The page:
With so many candidates in the field, voters — those paying attention this early, which likely isn’t many — are looking for ways to tell them apart, particularly when many seem to agree on most major issues. For that reason, everything they do and say can have an affect on their candidacy.

That’s why Handel’s move can be seen as a gamble in some ways, but it also brings up an important question: Is it best for candidates for high office to give up their current elected jobs or stay to fulfill their duties while campaigning?

There is a precedent for this at the national level. In 1996, Bob Dole stepped down as majority leader in the Senate while running for president, saying he couldn’t give his campaign and his Senate job the full attention required.

Last year, Barack Obama and John McCain kept their Senate seats during the presidential campaign, which at one point led to both of them splitting their attention between the two tasks when the nation’s economic crisis hit.

Sitting members of Congress are often absent from key votes while running for higher office, leaving their states underrepresented. Some governors have been known to turn over executive duties of their states to a second-in-charge while doing the same. And in each case, every vote, every speech and every decision they do make while in office is going to be analyzed from the political perspective of how it affects their chances in the next election.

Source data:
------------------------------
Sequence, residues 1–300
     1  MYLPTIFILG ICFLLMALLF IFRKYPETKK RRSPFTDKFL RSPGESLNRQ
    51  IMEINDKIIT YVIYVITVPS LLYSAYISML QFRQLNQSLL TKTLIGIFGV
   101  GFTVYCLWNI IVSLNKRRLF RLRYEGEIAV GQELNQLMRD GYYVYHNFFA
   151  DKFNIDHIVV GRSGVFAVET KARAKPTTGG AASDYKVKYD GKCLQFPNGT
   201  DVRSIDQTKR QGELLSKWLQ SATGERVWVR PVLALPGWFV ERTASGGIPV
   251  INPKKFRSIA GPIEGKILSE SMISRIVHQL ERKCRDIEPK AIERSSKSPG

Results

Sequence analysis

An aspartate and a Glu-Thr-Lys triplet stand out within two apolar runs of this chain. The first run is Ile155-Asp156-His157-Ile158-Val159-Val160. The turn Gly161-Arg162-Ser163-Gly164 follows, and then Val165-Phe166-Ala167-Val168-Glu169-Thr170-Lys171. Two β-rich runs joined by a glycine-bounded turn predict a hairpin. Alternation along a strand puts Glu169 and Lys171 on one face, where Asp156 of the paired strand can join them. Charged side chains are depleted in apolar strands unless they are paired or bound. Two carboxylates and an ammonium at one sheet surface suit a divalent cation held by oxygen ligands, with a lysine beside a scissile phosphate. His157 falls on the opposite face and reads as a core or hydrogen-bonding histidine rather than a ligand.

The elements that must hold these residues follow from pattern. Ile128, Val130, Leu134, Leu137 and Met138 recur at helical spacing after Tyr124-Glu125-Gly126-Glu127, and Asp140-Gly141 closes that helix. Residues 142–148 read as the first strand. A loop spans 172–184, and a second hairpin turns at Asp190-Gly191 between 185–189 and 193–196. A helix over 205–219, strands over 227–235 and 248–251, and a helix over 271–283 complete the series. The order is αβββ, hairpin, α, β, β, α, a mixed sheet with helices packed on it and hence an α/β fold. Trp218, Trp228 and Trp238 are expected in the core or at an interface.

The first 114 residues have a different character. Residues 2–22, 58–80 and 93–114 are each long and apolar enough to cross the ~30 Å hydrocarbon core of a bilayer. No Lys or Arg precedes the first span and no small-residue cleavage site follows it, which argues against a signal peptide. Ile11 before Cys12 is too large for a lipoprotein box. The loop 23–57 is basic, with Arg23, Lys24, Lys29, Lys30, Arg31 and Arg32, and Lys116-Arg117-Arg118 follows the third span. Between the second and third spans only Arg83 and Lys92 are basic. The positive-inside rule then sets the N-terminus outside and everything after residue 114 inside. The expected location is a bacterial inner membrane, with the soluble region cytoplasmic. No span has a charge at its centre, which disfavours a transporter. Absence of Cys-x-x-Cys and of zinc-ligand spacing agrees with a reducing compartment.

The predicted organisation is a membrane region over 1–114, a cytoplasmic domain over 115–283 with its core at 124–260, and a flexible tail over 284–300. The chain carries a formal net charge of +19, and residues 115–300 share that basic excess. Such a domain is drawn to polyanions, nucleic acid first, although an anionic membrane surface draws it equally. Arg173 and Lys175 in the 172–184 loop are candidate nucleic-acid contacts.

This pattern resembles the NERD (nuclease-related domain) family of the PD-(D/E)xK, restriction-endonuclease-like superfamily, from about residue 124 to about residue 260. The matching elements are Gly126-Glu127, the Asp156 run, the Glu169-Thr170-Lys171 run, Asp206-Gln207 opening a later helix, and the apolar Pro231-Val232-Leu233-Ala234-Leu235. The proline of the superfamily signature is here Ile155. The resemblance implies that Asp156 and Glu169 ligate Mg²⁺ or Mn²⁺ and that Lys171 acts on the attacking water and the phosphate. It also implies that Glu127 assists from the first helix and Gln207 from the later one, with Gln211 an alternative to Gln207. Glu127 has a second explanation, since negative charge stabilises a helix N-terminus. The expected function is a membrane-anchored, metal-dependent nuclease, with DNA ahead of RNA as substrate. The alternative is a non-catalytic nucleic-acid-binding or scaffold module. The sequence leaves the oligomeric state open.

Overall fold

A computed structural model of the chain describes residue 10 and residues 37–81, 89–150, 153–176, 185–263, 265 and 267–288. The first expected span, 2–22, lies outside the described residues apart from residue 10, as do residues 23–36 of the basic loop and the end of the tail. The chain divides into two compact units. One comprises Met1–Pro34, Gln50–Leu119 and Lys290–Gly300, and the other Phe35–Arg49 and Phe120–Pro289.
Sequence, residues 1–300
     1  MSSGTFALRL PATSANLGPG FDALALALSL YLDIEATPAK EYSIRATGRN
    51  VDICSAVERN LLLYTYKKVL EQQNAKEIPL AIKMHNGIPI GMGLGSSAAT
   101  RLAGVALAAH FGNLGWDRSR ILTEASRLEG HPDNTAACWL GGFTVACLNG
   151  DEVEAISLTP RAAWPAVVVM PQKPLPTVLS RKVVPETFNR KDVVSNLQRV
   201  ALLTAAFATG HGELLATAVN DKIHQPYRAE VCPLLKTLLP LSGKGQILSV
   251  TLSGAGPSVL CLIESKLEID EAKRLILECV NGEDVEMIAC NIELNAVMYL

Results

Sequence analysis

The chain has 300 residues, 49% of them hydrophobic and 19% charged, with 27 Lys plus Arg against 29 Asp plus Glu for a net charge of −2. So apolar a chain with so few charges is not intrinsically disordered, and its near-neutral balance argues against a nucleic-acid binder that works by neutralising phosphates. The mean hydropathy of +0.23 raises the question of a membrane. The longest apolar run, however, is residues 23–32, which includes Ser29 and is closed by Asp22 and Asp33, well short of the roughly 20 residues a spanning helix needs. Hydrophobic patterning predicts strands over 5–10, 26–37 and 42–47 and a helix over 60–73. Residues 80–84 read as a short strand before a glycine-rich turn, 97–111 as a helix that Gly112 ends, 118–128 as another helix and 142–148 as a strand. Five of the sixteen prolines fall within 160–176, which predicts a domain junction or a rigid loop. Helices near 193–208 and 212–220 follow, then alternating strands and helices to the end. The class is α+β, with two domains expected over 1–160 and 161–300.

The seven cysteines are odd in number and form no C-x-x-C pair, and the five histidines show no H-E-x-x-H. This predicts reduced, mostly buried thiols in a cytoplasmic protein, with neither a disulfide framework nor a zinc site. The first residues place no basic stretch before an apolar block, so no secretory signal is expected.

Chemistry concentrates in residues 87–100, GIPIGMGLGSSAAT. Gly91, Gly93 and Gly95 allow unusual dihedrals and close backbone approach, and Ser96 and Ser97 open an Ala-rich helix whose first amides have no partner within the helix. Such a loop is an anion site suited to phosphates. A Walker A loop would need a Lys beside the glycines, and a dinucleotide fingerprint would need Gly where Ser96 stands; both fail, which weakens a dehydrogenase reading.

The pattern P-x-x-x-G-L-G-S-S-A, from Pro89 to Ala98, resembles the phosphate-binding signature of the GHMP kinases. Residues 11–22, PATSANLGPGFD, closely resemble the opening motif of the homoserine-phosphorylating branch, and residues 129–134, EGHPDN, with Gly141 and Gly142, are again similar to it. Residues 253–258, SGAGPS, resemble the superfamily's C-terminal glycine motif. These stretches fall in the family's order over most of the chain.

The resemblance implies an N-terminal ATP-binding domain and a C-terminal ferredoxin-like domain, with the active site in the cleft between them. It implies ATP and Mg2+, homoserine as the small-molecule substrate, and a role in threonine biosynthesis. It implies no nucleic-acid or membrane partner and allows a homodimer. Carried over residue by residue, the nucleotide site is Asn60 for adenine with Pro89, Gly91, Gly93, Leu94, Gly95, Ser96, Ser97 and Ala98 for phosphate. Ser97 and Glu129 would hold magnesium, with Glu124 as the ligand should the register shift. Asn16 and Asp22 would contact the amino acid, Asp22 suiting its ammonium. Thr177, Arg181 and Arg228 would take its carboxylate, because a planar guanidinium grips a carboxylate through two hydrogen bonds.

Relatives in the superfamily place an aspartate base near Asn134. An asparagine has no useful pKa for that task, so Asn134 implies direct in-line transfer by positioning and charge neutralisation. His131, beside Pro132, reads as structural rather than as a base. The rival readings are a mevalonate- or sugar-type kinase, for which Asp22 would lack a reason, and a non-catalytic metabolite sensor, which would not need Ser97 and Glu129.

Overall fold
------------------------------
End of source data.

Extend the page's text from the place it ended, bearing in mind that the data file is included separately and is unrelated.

Predictably, Handel’s opponents attacked her for the move, saying she was putting political ambition over the job she was elected to fill. One even called her a "quitter."

They have a point; voters chose her and expected her to serve her four-year term before begging off to seek higher office. Handel leaves herself open to criticism for failing to fulfill her current job before seeking greener pastures.

But there also is a case to be made in her favor. Because elected officials often have been perceived as using their office to further their political goals, leaving that office can silence those concerns.